December 24, 2010, 06:43 PM
I recently acquired an H.Aston .54 caliber, made in 1850. I'm pretty sure another member of this forum has one. I'd say it uses a patched .535 roundball, which I have, but what black powder charge would be used?
Does any company make repros of this gun?


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December 24, 2010, 07:20 PM
The second edition Lyman BP manual lists a .54 caliber 8" barrel with loads of 35-50 grains.

December 24, 2010, 07:44 PM
Thanks. That's a good sized ball to be pushing out. I wonder what the velocity would be with, say, 50 grs? I'll bet it would do some damage.

Jim K
December 24, 2010, 08:28 PM
That is the Model 1842 pistol, a reliable and well-liked weapon. It is nearly identical with the Model 1836, the last U.S. military flintlock pistol, except that the 1842 uses brass furniture instead of the iron used on the 1836. Some 1842's were undoubtedly used in the Civil War, even though they were obsolete by that time. (Any claimed CW association that would add to the gun's sale price should require documentation.)

I know of no repros, but those pistols are fairly common and relatively inexpensive (under $800 for a shooter). They are well made and if the barrel is in good shape can be fired with no problem. The original projectile was a round lead ball of .537" caliber, issued in paper cartridges which were torn to load the powder and ball then discarded. No patch was used and the cartridge paper was not rammed into the bore. The ball was retained by friction and a fairly tight fit. The cap is the standard musket cap.

While it would be silly to suggest using one as a defense gun, I have little doubt that anyone with evil intent just might find a need to be elsewhere after looking at the muzzles of a pair of .54 pistols, antique or not.

I have used those .54 caliber pre-lubed bullets with good success, though they are heavier than the original balls and the powder charge should be reduced accordingly. Note that unlike the rifle musket, the wide head of the ramrod does not go into the barrel; it is spread out like that to be easy on the hand.


December 24, 2010, 09:32 PM
Interesting info on the ball used. I was going to use a patched .535 just to keep the pressures down but maybe I'll look for a larger ball. I'll probably shoot it a few times then put it in the case. It has two cartouches on the grip and some other inspector's marks on different parts that I'm researching. Great gun, well made, and lighter than it looks.
Thanks for the info.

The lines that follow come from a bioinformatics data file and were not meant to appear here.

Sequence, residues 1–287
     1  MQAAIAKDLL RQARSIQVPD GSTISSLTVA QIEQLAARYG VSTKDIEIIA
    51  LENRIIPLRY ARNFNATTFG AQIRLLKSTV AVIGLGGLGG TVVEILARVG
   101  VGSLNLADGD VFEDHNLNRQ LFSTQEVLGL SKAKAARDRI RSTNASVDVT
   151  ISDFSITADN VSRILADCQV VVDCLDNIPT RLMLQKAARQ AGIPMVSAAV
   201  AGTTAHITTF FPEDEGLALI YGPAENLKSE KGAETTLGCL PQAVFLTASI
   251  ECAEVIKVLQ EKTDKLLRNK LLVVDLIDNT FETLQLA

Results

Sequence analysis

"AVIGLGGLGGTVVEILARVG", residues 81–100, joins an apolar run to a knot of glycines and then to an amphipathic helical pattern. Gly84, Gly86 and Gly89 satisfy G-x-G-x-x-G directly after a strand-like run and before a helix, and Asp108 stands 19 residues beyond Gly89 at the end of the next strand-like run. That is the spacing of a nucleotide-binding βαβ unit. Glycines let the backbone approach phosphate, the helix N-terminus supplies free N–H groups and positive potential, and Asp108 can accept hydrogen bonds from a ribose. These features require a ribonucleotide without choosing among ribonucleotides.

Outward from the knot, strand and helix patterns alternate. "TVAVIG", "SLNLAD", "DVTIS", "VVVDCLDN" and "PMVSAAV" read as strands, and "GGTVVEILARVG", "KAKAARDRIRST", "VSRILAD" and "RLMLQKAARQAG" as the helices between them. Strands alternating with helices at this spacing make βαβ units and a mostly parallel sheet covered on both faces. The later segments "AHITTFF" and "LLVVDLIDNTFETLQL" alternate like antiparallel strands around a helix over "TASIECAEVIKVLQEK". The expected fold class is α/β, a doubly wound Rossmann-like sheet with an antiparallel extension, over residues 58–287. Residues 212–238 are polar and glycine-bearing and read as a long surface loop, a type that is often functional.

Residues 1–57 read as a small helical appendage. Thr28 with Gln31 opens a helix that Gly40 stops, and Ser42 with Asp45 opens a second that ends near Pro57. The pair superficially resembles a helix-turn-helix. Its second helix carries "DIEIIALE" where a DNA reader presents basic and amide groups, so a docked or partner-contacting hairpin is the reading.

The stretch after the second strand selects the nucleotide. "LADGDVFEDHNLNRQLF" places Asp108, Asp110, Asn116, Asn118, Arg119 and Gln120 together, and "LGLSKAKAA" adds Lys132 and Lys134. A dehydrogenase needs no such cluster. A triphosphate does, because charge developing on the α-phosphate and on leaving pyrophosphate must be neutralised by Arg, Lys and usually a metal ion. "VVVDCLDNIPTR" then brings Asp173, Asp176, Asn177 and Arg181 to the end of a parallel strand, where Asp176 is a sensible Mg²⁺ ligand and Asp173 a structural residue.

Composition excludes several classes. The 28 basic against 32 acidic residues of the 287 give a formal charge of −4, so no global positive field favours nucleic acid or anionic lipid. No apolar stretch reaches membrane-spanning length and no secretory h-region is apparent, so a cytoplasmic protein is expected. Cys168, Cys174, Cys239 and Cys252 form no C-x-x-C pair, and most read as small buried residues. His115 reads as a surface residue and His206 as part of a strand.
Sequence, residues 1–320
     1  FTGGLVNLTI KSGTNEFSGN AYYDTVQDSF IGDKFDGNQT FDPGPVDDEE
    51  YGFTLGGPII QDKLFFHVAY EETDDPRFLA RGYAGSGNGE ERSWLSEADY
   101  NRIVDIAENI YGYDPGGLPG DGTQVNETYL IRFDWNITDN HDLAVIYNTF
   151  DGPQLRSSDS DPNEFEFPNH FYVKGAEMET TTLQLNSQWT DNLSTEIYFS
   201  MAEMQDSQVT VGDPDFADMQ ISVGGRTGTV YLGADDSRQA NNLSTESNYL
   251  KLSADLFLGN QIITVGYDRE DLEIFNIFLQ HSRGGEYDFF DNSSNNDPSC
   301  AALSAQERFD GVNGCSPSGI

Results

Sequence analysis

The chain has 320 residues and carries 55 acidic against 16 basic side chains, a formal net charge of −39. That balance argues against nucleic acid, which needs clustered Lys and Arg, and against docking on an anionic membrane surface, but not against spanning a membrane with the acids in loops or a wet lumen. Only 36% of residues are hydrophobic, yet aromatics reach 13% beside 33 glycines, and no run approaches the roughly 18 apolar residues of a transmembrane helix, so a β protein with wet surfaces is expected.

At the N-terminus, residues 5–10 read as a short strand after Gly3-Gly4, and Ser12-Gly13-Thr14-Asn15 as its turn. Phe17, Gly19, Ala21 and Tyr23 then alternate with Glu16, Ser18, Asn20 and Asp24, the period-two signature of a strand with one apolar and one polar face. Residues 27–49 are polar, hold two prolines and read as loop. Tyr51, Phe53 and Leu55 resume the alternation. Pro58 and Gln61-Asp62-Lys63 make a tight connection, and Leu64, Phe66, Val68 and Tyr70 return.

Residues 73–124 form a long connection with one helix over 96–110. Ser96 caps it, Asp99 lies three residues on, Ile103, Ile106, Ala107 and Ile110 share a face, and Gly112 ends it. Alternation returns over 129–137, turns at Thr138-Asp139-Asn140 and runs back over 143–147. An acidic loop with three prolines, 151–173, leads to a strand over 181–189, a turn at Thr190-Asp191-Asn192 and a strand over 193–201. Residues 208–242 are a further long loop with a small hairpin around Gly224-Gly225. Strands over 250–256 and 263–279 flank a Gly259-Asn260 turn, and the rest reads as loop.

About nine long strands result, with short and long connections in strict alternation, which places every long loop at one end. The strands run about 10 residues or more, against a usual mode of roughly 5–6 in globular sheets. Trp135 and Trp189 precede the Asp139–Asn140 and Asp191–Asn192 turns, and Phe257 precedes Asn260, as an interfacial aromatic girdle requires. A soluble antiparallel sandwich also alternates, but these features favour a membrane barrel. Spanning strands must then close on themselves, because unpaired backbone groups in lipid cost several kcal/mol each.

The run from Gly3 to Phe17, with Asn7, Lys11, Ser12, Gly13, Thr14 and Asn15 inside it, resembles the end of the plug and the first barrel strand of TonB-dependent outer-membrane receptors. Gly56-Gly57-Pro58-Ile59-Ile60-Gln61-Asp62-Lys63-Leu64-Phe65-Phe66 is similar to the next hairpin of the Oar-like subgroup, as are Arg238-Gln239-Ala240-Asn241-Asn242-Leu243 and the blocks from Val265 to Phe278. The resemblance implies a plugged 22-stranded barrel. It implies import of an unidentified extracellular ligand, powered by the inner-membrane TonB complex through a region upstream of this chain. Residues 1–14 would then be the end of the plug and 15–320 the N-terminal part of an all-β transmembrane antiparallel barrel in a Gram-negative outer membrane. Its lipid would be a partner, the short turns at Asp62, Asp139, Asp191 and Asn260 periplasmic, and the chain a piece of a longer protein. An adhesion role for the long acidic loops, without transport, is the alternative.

December 26, 2010, 03:42 AM
I think my dad had one of those at one time. Reminded me of the 1836, but for brass furniture and percussion ignition.
Looks like it could open a fresh can of whoop-*ss on someone.

December 26, 2010, 10:27 AM
Is there a guideline for when a roundball should be patched? Does it have anything to do with whether or not the barrel is rifled?
I have a Pedersoli Kentucky pistol .44 caliber (rifled) that I use a patched ball in, but I also have a little ASTC HERO with a screw barrel that I just place a ball in, then screw the barrel over it.

December 26, 2010, 11:05 AM
I'm always a bit cautious when considering firing an antique. I might start out with a 25 grain load behind a patched ball - doesn't take much to push a ball out of a pistol barrel with some alacrity. Don't know what the maximum load would be - once you get so large you just make fire out the front end and don't add anything to the velocity of the ball.

As to when to patch the ball - it depends on the design of the gun. Your screw barrel is designed for a naked ball. Your rifle is probably going to want patching, unless it is a bullet-designed barrel, in which case patching for bullets isnt needed, but still is for round ball. With the heavy bullet, the base (hollow or flat) will obturate and fil the riflings, which wont happen with round ball.

December 26, 2010, 11:31 AM
I use a patch with the Belgian rifle - it was relined to .50 caliber. I'll start low with the Aston - I'm cautious, too. It's built like a tank, but surprisingly light. Like I said, I'll start with a smaller ball and a light load (and stand behind a post).
I hear different opinions on whether or not to fire an antique or even clean it up at all (I fire my originals a few times a year). The Aston was pretty rusty, so I used Naval Jelly and removed the rust. I kept the brass basically the way it was, with a a little cleaning.
This 1851 .36 had an old reblue job at some point, which detracted from the value but protected the gun (made in 1862).

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